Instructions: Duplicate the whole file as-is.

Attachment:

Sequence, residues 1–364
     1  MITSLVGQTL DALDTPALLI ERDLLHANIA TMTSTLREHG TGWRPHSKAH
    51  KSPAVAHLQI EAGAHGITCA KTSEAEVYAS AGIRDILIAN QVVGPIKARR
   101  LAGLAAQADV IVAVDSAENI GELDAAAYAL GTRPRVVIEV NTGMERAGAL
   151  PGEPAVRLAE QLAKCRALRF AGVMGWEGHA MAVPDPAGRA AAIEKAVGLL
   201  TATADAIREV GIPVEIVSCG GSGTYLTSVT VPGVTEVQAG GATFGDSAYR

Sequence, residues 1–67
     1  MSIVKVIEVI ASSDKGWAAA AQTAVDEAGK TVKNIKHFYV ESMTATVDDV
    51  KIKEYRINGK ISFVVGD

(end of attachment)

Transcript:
Sequence, residues 1–364
     1  MITSLVGQTL DALDTPALLI ERDLLHANIA TMTSTLREHG TGWRPHSKAH
    51  KSPAVAHLQI EAGAHGITCA KTSEAEVYAS AGIRDILIAN QVVGPIKARR
   101  LAGLAAQADV IVAVDSAENI GELDAAAYAL GTRPRVVIEV NTGMERAGAL
   151  PGEPAVRLAE QLAKCRALRF AGVMGWEGHA MAVPDPAGRA AAIEKAVGLL
   201  TATADAIREV GIPVEIVSCG GSGTYLTSVT VPGVTEVQAG GATFGDSAYR

Sequence, residues 1–67
     1  MSIVKVIEVI ASSDKGWAAA AQTAVDEAGK TVKNIKHFYV ESMTATVDDV
    51  KIKEYRINGK ISFVVGD